#Oprah2020 presidential run possibility?
KAREN JUANITA CARRILLO | 1/11/2018, midnight
Oprah Winfrey could be our next president!
The megastar’s closest friends are confirming that if she had enough support, the former talk show host-turned-celebrity-turned media mogul would consider running for president of the United States in 2020.
There have been whispers about the possibility of Winfrey running for the presidency for a while now. Her friendship with the Obamas and her own strong personal appeal to so many throughout the nation made her seem like a perfect candidate. She has been asked about the possibility of running in the past and has consistently demurred, stating that she doesn’t feel she has the political experience.
Winfrey has never held political office, but she has significant and often impactful political leanings.
With a current president who held no political office before assuming the office, many are hoping that an Oprah Winfrey presidency would herald a progressive leadership that could get rid of some of the devastating federal changes that have so far been made under the administration of Donald Trump.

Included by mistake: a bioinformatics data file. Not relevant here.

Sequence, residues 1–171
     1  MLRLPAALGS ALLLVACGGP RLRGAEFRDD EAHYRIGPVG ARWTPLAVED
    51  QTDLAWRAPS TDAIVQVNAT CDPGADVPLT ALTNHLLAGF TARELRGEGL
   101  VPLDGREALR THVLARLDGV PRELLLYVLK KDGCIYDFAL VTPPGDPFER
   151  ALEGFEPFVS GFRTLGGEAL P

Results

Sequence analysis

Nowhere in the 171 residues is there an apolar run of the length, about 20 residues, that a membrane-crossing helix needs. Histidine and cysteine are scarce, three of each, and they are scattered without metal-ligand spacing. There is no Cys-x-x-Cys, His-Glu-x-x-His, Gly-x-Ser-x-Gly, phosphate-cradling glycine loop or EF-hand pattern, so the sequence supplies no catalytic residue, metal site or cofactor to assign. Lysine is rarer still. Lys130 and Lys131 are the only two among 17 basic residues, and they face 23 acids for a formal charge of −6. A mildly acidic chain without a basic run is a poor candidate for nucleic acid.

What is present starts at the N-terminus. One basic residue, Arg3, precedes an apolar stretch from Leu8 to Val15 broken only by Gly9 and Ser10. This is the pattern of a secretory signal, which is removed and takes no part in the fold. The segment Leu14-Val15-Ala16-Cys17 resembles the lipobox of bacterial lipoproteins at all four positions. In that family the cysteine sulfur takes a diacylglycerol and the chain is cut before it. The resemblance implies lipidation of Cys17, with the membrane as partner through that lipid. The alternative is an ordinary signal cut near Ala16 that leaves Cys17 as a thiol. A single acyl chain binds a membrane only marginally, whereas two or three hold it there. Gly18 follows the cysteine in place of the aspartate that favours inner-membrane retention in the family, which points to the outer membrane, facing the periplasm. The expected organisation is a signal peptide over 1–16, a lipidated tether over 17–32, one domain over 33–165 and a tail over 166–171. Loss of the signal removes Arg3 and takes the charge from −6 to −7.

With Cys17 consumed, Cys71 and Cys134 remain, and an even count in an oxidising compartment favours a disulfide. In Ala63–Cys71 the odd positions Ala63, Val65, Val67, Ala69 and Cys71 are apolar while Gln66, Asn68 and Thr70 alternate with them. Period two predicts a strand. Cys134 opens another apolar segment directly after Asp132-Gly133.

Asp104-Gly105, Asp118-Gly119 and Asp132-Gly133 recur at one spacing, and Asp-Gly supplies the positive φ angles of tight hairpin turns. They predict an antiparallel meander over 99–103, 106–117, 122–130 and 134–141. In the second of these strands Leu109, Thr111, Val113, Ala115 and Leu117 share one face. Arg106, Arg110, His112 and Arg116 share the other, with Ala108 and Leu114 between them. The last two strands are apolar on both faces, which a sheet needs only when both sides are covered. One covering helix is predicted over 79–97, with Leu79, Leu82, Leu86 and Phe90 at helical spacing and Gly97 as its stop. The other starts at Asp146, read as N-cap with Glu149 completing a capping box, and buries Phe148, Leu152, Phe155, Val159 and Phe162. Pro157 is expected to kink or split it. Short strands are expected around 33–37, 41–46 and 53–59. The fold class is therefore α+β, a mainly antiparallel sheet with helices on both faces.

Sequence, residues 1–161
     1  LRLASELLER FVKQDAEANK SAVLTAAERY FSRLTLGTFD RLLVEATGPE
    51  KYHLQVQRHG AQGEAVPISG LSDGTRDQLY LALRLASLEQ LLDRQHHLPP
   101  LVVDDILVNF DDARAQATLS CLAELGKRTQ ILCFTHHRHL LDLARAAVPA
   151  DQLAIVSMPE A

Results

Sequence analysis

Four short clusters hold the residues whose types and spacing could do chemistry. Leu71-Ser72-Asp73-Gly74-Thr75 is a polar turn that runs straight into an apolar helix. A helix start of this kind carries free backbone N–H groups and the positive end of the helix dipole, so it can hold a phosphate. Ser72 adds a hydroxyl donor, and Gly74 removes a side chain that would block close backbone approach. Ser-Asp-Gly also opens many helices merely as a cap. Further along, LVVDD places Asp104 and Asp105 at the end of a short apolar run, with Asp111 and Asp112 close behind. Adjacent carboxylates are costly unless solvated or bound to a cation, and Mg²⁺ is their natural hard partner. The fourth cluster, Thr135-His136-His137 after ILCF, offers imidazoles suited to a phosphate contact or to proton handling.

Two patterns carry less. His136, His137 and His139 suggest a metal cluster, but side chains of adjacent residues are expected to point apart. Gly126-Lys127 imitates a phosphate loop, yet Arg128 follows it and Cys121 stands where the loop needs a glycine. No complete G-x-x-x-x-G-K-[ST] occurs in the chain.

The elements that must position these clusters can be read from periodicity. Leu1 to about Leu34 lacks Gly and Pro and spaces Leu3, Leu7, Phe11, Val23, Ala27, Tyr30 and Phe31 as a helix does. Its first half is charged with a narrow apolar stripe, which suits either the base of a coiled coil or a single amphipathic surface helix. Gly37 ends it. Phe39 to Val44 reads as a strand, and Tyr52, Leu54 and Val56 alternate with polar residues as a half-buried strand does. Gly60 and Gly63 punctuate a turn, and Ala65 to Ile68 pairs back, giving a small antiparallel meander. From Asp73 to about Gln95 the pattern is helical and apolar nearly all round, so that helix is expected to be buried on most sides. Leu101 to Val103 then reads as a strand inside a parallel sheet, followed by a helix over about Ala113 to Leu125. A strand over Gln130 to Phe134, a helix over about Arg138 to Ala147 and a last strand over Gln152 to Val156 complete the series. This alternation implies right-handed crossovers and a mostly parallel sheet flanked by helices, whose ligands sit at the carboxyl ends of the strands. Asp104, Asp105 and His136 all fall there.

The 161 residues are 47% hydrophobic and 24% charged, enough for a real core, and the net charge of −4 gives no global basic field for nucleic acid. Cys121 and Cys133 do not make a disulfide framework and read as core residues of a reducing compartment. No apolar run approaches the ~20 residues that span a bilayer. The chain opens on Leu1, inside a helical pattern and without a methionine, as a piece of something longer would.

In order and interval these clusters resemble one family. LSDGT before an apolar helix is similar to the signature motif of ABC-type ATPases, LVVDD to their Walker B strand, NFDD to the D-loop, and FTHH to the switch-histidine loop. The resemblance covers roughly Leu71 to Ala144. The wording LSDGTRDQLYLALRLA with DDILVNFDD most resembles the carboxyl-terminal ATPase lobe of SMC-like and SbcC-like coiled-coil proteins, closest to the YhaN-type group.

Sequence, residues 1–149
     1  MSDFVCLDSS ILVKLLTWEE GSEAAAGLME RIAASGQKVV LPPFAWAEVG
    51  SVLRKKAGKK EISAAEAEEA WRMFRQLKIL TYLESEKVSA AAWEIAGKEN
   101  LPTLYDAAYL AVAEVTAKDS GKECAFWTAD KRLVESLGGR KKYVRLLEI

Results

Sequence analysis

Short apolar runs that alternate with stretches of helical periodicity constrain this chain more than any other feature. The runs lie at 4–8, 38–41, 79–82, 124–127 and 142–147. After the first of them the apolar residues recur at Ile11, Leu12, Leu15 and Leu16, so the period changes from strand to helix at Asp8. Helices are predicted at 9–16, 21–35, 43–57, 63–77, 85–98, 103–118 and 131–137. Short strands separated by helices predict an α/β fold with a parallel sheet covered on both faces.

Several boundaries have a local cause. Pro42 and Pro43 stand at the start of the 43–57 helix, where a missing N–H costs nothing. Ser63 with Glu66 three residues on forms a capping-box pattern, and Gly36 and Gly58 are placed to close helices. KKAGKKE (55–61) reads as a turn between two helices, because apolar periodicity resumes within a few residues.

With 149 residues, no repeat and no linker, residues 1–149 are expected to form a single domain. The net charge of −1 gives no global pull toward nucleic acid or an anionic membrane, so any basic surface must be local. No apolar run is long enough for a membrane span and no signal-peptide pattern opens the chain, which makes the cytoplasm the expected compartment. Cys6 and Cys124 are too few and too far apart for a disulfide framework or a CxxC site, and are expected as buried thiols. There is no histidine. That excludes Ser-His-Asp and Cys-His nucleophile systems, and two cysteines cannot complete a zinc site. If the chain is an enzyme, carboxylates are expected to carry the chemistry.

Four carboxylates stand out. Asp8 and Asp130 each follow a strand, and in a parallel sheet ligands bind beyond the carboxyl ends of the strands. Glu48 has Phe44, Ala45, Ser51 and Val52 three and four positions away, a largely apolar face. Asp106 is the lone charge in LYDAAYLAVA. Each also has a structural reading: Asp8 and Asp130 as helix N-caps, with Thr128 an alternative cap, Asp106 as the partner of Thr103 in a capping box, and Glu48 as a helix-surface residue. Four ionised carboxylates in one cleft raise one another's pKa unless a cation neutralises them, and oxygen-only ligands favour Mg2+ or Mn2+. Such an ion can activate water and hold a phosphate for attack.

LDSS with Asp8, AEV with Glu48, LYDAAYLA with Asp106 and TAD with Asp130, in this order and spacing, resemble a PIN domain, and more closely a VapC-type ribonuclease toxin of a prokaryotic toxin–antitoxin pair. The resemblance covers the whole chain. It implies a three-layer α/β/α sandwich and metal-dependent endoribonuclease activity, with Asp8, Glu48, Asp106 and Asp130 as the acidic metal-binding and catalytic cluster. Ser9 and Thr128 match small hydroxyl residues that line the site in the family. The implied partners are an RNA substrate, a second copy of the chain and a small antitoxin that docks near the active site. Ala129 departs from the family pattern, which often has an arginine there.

Winfrey’s speech while accepting the Golden Globes’ Cecil B. DeMille award for outstanding contributions to the world of entertainment Jan. 7 spoke of the many inspirational Black people whose efforts helped make her who she is today. She looked back at “all the women who have endured years of abuse and assault, because they, like my mother, had children to feed and bills to pay and dreams to pursue.” She talked about how Sidney Poitier’s work in entertainment motivated her to create her own self-image in media. She spoke about Rosa Parks’ incredible role as the NAACP’s lead investigator when the civil rights organization took on the case of the rape of Recy Taylor.
“In 1944, Recy Taylor was a young wife and mother walking home from a church service she’d attended in Abbeville, Ala., when she was abducted by six armed white men, raped, and left blindfolded by the side of the road, coming home from church,” Winfrey explained. “They threatened to kill her if she ever told anyone, but her story was reported to the NAACP, where a young worker by the name of Rosa Parks became the lead investigator on her case, and together they sought justice. But justice wasn’t an option in the era of Jim Crow. The men who tried to destroy her were never prosecuted. Recy Taylor died 10 days ago, just shy of her 98th birthday. She lived, as we all have lived, too many years in a culture broken by brutally powerful men. For too long, women have not been heard or believed if they dare speak the truth to the power of those men. But their time is up. Their time is up. Their time is up.
“And I just hope—I just hope that Recy Taylor died knowing that her truth, like the truth of so many other women who were tormented in those years, and even now tormented, goes marching on. It was somewhere in Rosa Parks’ heart almost 11 years later, when she made the decision to stay seated on that bus in Montgomery, and it’s here with every woman who chooses to say, ‘Me too.’ And every man —every man who chooses to listen.”